• When the first iPhone was released in 2007—quickly followed by the first Android in 2008—the colorful array of RAZRs and Sidekicks were doomed to be replaced by uniformly sleek designs. While the first Android featured a slide-out keyboard similar to the Blackberry, Apple’s minimalist design and touchscreen would soon become the smartphone standard. In 2022, iPhones claimed 50 percent of U.S. market share, overtaking Androids for the first time. Today, two companies, Apple and Samsung, dominate, together manufacturing more than three-quarters of the smartphones Americans use.
  • Innovations under development include hidden cameras, zero ports charging, advanced folding, eco recycling and holograms.  Can’t wait!

History Buffs – Here’s a brief history of the cell phone:

  • 1947 – The first mobile communication system was developed in the United States by Bell Labs. It was called Mobile Telephone Service (MTS) and allowed users to make calls from their cars.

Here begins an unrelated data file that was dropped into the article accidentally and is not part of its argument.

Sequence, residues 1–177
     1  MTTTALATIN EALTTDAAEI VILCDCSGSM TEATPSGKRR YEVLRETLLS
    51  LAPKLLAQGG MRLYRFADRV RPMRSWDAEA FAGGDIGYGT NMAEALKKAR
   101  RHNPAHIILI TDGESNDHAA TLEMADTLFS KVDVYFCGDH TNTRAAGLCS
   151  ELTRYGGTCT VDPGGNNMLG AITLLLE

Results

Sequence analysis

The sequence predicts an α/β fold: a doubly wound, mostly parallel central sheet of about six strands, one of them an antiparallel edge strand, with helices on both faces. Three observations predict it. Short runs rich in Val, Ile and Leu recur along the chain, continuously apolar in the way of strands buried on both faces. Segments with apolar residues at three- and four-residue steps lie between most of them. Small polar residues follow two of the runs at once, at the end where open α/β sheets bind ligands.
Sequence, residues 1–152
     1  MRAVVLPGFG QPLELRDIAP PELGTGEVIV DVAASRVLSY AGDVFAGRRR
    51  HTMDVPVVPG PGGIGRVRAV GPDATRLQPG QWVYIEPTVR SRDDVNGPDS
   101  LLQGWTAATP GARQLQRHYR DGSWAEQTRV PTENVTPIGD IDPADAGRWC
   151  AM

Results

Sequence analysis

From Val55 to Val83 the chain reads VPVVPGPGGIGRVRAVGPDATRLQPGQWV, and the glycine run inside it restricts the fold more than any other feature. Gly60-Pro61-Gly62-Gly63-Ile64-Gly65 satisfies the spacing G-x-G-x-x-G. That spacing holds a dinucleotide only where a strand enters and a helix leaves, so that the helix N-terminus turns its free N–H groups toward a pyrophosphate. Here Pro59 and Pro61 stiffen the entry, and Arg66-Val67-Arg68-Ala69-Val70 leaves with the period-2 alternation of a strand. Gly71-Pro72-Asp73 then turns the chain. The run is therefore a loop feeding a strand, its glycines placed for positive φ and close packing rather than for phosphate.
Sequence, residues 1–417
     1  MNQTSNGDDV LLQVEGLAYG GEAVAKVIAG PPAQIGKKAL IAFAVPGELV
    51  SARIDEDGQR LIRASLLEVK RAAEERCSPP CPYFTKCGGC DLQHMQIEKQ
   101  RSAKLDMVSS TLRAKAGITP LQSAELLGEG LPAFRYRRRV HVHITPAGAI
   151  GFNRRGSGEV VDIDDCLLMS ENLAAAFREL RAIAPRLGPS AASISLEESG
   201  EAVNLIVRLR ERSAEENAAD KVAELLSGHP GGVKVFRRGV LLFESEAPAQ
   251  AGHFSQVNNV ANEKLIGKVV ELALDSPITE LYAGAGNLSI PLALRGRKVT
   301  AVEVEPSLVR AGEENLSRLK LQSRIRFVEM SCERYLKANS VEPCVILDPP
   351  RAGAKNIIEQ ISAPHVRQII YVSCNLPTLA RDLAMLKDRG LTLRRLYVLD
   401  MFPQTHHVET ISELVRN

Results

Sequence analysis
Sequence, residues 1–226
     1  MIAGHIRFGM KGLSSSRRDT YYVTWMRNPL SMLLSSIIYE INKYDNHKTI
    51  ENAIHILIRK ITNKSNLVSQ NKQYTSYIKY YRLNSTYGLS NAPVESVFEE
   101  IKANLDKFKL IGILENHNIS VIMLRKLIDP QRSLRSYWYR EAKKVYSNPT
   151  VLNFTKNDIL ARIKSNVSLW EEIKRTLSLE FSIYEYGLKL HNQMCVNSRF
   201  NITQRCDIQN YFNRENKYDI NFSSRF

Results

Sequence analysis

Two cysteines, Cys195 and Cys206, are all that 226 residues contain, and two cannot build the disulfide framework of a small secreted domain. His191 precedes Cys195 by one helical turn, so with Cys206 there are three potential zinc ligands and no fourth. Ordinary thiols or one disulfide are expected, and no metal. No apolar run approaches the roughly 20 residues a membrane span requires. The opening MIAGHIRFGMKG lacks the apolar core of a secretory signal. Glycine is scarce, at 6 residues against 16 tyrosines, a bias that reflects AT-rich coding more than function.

• 1973 – The first mobile phone, the Motorola DynaTAC, was invented by Martin Cooper. It weighed 2.5 pounds and had a battery life of 20 minutes.
  • 1983 – The first commercially available mobile phone, the Motorola DynaTAC 8000X, was released. It cost $3,995 and had a talk time of 30 minutes.
  • 1989 – The first flip phone, the Motorola StarTAC, was introduced. It was the first phone to be small enough to fit in a pocket.
  • 1992 – The first smartphone, the IBM Simon, was released. It had a touch screen, email capabilities, and could run third-party apps.
  • 1996 – The first phone with a built-in camera, the Kyocera Visual Phone VP-210, was introduced in Japan.